Tennessee bill would expose identities of abortion providers and possibly patients

Remember how anti-choice domestic terrorist group Operation Rescue created an online database of abortion providers across the country, leaving a terrifying opening for anti-choice harassment and violence? Well, it looks like legislators in Tennessee are trying to make the process easier for antis by making it a legal requirement:

The latest salvo in the abortion wars comes in the form of a bill in the Tennessee Legislature that would result in the online publication of the names of doctors who perform abortions, and — according to critics of the measure — potentially out individual women who undergo the procedure.

The Life Defense Act of 2012, which is under consideration in the Tennessee House, would direct the state Health Department to post on its website a report on every abortion, to be filled out by the facility where the procedure takes place.

The reports must include the “identification of the physician who performed the abortion and the physician’s office, clinic, hospital or other facility where the abortion was performed,” according to the official summary of the bill.

In addition, the documents would include every patient’s county, age, race, marital status, and number of prior pregnancies, making it pretty easy for folks to figure out patients’ identities, especially in rural areas where not many people live.

I love how bill sponsor GOP Rep. Matthew Hill casually told the Tennessean, “The Department of Health already collects the data, but they don’t publish it. All we’re asking is that the data they already collect be made public.” It’s all we’re asking, guys! No big deal, we just want to publicly shame and scare them out of providing abortions forever.

There is simply no other reason for this bill to exist — when it comes down to it, it’s a form of anti-choice harassment and intimidation in itself. I’m actually surprised it’s even being considered as it’s pretty damn clear it would pose potential endangerment to abortion providers across the state. It’s not a coincidence that those online “Wanted” posters that were all the anti-choice craze in the 90s were during the same time period when several abortion providers were killed.

The bill is scheduled for consideration tomorrow by the House Health and Human Resources committee; contact them by any and all means and let them know how unjust and dangerous this bill is.

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3 Comments

  1. Posted March 20, 2012 at 4:08 pm | Permalink

    I can’t imagine it would pass in any event, due to HIPAA*.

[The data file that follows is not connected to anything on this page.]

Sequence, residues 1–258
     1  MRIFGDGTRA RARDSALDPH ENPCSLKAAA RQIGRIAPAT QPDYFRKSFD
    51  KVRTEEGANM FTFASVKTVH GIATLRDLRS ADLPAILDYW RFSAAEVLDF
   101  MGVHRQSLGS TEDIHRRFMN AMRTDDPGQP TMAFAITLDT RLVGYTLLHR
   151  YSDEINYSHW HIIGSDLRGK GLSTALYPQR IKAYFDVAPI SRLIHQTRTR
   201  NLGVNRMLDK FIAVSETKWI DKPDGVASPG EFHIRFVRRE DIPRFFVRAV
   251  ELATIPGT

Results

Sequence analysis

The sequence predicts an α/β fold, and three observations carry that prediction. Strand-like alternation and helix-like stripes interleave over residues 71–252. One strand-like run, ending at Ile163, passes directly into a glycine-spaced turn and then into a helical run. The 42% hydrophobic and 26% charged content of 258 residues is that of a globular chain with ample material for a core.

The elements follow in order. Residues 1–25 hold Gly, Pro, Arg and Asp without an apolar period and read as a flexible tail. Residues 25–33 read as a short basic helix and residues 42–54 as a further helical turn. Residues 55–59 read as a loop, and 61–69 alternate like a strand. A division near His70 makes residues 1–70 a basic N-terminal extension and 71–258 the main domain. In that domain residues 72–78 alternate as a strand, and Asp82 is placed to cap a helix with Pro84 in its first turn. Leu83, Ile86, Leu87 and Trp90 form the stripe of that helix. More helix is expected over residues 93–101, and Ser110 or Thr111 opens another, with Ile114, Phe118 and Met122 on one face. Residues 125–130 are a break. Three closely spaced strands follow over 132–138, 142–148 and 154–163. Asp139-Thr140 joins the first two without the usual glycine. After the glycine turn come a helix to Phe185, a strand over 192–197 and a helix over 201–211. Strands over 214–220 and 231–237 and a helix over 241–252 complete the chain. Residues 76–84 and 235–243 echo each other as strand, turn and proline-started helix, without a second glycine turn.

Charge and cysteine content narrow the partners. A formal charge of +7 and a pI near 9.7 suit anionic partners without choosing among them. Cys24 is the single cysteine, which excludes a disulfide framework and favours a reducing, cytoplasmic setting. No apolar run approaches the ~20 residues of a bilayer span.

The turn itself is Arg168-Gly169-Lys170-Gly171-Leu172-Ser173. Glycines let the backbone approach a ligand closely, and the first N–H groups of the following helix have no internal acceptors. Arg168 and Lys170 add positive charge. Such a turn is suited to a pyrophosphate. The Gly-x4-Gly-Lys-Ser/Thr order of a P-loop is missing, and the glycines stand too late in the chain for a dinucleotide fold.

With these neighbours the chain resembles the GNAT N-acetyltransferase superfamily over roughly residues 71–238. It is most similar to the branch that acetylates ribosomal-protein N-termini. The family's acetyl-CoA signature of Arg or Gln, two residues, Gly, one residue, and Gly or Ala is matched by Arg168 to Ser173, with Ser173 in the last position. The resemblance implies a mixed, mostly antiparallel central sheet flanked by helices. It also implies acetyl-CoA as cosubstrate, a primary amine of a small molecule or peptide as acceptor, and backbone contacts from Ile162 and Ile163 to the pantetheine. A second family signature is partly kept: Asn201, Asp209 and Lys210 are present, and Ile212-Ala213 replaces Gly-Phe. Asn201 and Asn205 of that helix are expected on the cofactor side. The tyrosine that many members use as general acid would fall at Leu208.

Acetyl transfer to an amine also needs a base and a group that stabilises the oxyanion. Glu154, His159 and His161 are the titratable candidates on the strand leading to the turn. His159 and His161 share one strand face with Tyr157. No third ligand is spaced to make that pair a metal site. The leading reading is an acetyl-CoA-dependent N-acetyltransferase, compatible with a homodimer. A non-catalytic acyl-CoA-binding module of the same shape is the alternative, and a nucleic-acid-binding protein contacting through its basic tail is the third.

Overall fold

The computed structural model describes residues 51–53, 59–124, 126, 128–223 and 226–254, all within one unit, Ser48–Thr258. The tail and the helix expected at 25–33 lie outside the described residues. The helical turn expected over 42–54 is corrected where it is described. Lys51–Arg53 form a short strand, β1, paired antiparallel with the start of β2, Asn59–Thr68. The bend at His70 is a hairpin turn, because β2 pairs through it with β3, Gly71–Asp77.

Ah, political theater at its dumbest. So.. how about those jobs, legislators?

    *I can’t even make a dental appointment for my boss because of HIPAA. An appointment. All I am doing is selecting a day and time, not asking for any sensitive info (even though I have all of it right in front of me), and nope, “we have to talk to [boss] himself, sorry.” -_-

  2. Posted March 20, 2012 at 4:22 pm | Permalink

    I work with large-scale (i.e., national and state) data sets occasionally, though I am not an expert. I am certain that as things currently stand the demographic information alone – before you even start talking about sensitive, personal medical information – would either cause data to be suppressed for areas with small populations or those areas would be aggregated into much larger areas. Certain non-medical Census Bureau data isn’t publicly available on cities with populations under 300,000 (of which they are 2 in Tennessee).

    Since this is medical information, I suspect that release of this information would be a violation of HIPAA and the law wouldn’t be allowed to go into effect. My understanding of HIPAA regulations is that public health information, which is what the State Health Department is collecting, requires privacy protection unless:

    - Statistically de-identified (the population is large enough that any one individual could not be identified base on the information given alone or with other reasonably available information) or

    -Actually de-identified (enough information is removed so that the individual could not be identified based on the remaining information alone or with other reasonably available information).

    It is rather galling of the state legislators to think they can even make a claim that abortion somehow exempts women from HIPAA protection.

  3. Posted March 20, 2012 at 6:08 pm | Permalink

    This is terrifying. Thank you for sharing.

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